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Natural New Year

No one could fail to notice the waning of the light as the winter begins to bite and the days get ever shorter. It’s little wonder that winter is associated with depression – and that midwinter, when the sun begins to climb higher into the sky again each day became a time of celebration, reflection and renewal. The natural world has always been a vital part of this renewal. Many evergreen plants like holly and ivy were loved for their bright colours and fresh smell which brought cheer throughout the winter. An old belief was that the sharp spines of holly leaves could act as a ‘fairy trap’ preventing evil spirits from entering the home, and we still use it to make Christmas wreaths to hang by the front door. In some places it was traditional for communities to extinguish their hearth fire at solstice time and then to relight it with a burning yew log, brought to each house from a communal village fire. Yew trees were powerful symbols of renewal, love and hope. The modern chocolate ‘yule log’

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Getting stuck in for nature

Last Thursday as many as 300 people joined Cumbernauld Living Landscape at Broadwood Loch to grab a spade and plant a tree before enjoying some festive treats round the campfire.   With it being polling day we had a steady flow of children looking for something active to do on their day off from school, and plenty of adults looking for something positive to do while anxiously awaiting the results! The previous day pupils at Carbrain Primary had set the ball rolling by planting 165 trees in their school grounds.  There’s been a lot of talk of trees in the national news recently, with political parties competing in their pledges to create new woodlands that will help tackle the climate crisis. In response, conservationists have pointed out that numbers are not enough – it’s crucial that the right trees are planted in the right places.   As a community we planted 600 trees in total, including crab apple, willow, oak and hazel. These species are all native to the area, which means that as they grow the new woodland will provide homes for the widest possible

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Why robins are not just for Christmas

As I was recycling this year’s batch of lovely Christmas cards I started to wonder why so many of them have robins on them. Is it because my friends know I have a soft spot for wildlife or were they just on sale? What did robins have to do with Christmas anyway? After bit of research, I found it all came back to the Victorians, those well-known Christmas romantics. The postmen delivering good tidings were nicknamed ‘robins’ thanks to their bright red jackets. As the idea of Christmas cards caught on the robin made a leap from delivering the cards to featuring on them and the fact that robins can easily be spotted in the snow strengthened the connection. Robins are visible and sing noisily through the year making them one of my favourite animals to watch. They are specially adapted to make the most out of the poor light and are often active in half-light when few other birds are about. Whist they look cute they are fiercely territorial and will sing loudly to defend their territory and attract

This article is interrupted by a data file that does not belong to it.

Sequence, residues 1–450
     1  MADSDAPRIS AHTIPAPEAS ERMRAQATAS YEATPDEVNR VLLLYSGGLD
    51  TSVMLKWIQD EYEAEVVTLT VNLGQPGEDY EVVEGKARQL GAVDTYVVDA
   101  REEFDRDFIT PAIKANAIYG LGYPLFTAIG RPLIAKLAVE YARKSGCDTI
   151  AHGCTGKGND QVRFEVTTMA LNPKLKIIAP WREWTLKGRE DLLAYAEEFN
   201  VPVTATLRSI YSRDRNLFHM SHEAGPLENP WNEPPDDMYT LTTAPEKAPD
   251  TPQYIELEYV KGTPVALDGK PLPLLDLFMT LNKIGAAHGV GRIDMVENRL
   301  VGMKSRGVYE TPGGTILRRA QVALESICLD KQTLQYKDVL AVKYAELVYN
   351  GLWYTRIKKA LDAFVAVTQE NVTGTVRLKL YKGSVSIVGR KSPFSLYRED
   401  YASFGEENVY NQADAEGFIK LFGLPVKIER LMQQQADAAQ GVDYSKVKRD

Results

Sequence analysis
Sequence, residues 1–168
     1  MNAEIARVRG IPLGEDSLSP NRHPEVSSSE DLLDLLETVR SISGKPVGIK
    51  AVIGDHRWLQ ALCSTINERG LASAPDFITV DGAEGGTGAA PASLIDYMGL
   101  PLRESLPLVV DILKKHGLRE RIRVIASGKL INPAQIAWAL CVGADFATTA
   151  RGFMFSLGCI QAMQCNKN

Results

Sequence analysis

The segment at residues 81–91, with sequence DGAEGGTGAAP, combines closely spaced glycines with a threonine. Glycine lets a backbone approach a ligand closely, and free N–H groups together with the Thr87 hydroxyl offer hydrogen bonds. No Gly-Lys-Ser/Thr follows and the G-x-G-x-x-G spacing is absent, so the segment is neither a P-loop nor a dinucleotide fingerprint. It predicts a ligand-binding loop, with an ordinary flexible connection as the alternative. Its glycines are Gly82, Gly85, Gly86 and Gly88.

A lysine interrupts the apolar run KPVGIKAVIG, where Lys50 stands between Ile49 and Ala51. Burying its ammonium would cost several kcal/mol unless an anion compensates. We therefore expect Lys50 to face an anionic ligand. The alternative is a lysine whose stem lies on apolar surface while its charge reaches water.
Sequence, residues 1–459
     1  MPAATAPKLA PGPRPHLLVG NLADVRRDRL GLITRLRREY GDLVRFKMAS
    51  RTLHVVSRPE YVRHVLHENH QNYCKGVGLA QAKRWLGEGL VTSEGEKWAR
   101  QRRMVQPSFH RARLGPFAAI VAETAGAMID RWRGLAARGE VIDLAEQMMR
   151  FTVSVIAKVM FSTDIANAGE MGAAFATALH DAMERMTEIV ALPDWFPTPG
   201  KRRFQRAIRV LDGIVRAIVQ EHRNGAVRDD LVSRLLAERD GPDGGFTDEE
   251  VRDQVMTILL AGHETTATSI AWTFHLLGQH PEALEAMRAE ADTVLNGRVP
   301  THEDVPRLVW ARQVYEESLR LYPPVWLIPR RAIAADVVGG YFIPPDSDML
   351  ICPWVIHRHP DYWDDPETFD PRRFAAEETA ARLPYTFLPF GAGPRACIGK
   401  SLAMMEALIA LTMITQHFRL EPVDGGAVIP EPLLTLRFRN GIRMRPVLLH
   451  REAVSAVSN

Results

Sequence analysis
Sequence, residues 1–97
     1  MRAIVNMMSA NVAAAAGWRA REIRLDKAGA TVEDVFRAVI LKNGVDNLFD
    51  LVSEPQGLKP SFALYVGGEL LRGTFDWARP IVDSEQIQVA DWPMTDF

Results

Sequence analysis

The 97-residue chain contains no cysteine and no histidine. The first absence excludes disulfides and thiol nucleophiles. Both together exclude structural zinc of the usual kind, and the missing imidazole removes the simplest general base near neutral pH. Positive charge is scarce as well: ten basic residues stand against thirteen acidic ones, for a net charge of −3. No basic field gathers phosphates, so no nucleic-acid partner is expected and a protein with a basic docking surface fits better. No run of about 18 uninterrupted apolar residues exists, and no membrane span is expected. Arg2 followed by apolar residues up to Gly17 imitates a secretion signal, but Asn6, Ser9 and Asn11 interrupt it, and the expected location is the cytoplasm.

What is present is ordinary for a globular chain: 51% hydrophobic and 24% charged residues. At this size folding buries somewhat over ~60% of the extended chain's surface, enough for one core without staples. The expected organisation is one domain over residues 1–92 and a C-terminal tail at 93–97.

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Investing in young people, today

Word has been going around the campfire about the great work Cumbernauld Living Landscape has been doing with young people of the town. So much so that we were invited to an event called Investing in Young People; Investing in our Environment by the Central Scotland Green Network Trust. I invited the Achieve students from Greenfaulds High School to come along and we decided to make a day of it with a wee tour of Edinburgh.  We visited Johnston Terrace Garden, the Scottish Wildlife Trust’s smallest wildlife reserve, which is hidden away deep in the heart of the Old Town. We learned all about the garden and how important these spaces can be for wildlife and people. We also had a wander down to the Christmas market on Princes Street to see how large spaces can be used for spectacular public events. Needless to say, the funfair grabbed their attention more than my explanation of how parks can be used in lots of different ways to benefit people. I can’t blame them, it was a wonderfully chilly and festive afternoon. We

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Christmas comes just once a year

Christmas comes just once a year – but for those of us with anxiety or stress problems, that can be quite often enough! Decorating trees, buying gifts, preparing meals, visiting family and friends, bad weather, crowded streets… with all the pressure on our purses, family relations and waistbands, it’s no wonder that the festive period is regarded as one of the most stressful times of the year. For some the problem over Christmas might be too much time spent in the company of rarely seen family members, for others the issue will be loneliness. When social media feeds are crammed with updates from family get-togethers it can be very difficult for those who are alone, either physically or emotionally. Someone with depression can feel very alone even in a crowded room. But there are things we can all do to help beat the stress and you won’t be surprised to hear me say that number one of these is getting outside! It’s all too easy to shut ourselves away indoors over Christmas and let the pressure build. A walk outside doesn’t